Dochula Pass

Situated between Thimphu and Punakha is the Dochula Pass. This mountain pass offers astonishing views of the snow-capped Himalaya only a 50-minute drive from Thimphu. At an altitude of 3,100 metres, this tourist spot features 108 white and red memorial stupas in a verdant hillside. They were built in honour of 108 soldiers that passed away in 2003 and each has imprints of Buddha with religious texts inscribed on the surface. Here you can enjoy panoramic views of mountain peaks including the Masaganang, Kangphugang, Tsendagang, Jejegangphugang and Terigang, on a cloudless day. Explore the surrounding forests with mountain biking and trekking or simply take in the views with a family picnic.

Punakha Dzong

Located in the west, Punakha is known as the winter capital of Bhutan. The head of the Bhutanese clergy splits their time between the Tashichho and the Punakha Dzongs, the latter being their winter residence. Set alongside the Pho Chhu and Mo Chhu rivers, the Punakha Dzong is among the favourite tourist attractions of Bhutan. Surrounded by the purple bloom of jacarandas in the spring, ‘the palace of great happiness’, as it is also known, is deeply linked with Bhutanese history. With the Himalaya as a backdrop, the first national assembly was held here in 1953 and most of the national treasures are kept within the walls of the dzong. This was also the chosen location for the wedding of the current king to Queen Jetsun Pema in 2011.

Chimi Lhakhang

The Chimi Lhakhang, known as ‘the Fertility Temple’, stands on a round hillock, 10 kilometres away from Punakha. This temple became one of the famous places to see in Bhutan due to its historical significance. Blessed by the eccentric Drukpa Kunley -- one of the monks who brought Buddhism into Bhutan – this monastery is said to be a place of fertility and blessings. The white walls adorned with gold medallions are complemented with a brown and gold roof. Here you can find golden prayer wheels traditionally adorned with flowers and frescoes on the walls illustrating Drukpa Kunley’s life.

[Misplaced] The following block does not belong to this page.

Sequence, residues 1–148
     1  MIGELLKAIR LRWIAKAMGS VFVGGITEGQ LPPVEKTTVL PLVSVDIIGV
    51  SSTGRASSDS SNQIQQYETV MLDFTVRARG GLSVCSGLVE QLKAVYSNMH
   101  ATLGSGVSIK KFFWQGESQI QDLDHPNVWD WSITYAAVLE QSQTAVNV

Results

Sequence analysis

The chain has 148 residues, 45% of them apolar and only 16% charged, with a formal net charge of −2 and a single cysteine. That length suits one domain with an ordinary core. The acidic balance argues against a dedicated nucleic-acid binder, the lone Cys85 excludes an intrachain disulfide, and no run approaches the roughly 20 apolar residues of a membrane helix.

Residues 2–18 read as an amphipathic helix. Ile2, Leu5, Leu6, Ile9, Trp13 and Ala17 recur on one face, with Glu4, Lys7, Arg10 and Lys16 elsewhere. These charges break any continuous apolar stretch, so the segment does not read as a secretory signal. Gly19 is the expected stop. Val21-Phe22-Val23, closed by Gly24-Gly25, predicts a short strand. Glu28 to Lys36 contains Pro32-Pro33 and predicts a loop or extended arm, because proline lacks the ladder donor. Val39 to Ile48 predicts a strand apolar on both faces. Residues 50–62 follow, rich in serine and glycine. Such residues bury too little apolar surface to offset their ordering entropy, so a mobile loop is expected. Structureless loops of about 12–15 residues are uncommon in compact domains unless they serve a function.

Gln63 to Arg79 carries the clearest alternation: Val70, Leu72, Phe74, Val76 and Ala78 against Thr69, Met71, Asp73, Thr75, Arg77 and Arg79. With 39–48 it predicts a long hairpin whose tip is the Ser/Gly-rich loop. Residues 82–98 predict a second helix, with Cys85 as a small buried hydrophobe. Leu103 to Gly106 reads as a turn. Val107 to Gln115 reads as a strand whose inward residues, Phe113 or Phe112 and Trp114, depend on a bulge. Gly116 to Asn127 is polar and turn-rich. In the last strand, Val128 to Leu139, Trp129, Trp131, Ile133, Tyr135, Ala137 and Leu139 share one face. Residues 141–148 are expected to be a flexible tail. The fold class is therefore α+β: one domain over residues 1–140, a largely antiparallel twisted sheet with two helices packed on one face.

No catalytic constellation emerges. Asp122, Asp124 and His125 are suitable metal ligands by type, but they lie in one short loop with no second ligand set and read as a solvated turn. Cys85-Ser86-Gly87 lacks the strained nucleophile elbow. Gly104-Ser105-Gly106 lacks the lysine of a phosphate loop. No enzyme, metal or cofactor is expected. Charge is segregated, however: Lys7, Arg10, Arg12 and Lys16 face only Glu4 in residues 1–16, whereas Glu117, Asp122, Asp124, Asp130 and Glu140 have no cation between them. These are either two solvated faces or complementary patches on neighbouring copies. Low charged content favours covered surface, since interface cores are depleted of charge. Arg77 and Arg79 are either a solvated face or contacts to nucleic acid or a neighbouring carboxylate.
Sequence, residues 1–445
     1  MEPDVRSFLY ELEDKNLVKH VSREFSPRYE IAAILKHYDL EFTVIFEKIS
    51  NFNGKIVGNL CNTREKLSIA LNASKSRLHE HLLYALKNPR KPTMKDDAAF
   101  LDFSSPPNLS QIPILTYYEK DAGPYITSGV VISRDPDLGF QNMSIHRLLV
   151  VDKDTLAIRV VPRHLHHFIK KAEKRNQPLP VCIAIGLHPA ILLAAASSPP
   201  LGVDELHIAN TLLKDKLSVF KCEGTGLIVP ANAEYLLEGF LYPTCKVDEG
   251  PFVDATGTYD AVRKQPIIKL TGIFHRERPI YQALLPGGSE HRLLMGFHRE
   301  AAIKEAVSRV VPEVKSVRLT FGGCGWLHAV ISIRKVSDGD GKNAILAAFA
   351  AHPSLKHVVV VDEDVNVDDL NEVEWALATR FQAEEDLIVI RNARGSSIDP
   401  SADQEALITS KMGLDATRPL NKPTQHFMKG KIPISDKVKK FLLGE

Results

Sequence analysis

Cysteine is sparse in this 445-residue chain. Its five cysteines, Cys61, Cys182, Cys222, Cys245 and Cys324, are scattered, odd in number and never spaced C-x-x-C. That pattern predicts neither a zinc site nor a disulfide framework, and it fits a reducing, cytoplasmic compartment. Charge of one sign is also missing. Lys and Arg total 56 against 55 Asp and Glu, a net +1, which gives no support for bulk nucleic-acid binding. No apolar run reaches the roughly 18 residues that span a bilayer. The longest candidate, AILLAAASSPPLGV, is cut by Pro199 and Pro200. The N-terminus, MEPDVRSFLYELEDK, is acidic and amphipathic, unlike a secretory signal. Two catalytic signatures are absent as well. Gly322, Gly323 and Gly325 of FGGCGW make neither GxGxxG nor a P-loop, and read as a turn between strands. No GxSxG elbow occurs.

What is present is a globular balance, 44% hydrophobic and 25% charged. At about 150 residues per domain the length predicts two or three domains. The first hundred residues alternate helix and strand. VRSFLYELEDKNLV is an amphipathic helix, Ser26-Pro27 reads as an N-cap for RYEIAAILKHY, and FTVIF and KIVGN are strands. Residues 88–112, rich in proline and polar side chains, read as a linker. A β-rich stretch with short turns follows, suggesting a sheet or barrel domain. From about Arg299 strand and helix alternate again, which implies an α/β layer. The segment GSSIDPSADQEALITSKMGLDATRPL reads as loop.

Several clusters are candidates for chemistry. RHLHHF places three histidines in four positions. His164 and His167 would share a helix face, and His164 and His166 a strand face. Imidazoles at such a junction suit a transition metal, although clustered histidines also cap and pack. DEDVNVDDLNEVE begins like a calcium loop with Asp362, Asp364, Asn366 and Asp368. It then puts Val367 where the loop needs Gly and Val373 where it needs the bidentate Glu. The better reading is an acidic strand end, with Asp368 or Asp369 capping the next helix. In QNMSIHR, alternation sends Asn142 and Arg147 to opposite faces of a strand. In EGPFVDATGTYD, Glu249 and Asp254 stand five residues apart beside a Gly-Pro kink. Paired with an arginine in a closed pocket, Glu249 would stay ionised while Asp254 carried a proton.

Phobjikha Valley

Located 78 kilometres from Punakha, Phobjikha valley is one of the lesser-known tourist attractions of Bhutan. The U-shaped glacial valley in central Bhutan affords privileged views of the Black Mountain Range. Between the months of October and December you can find the black-necked crane that migrates from the Tibetan plateau. This makes the valley one of the most important wildlife preserves in Bhutan and a good tourist stop for nature enthusiasts. The crane is such an important animal for Bhutanese culture that in November, the crane festival is held in the nearby Gangteng Monastery. Wild boars, leopards and red foxes can be seen in the surrounding hills.

Feeling inspired to see Bhutan’s tourist attractions for yourself? Cox & Kings arranges dedicated group tours to Bhutan, such as the 12-day Bhutan: The Dragon Kingdom tour.

You can also explore Bhutan on a private tour or tailor-made holiday. Enquire online or call one of our travel specialists to begin planning your journey.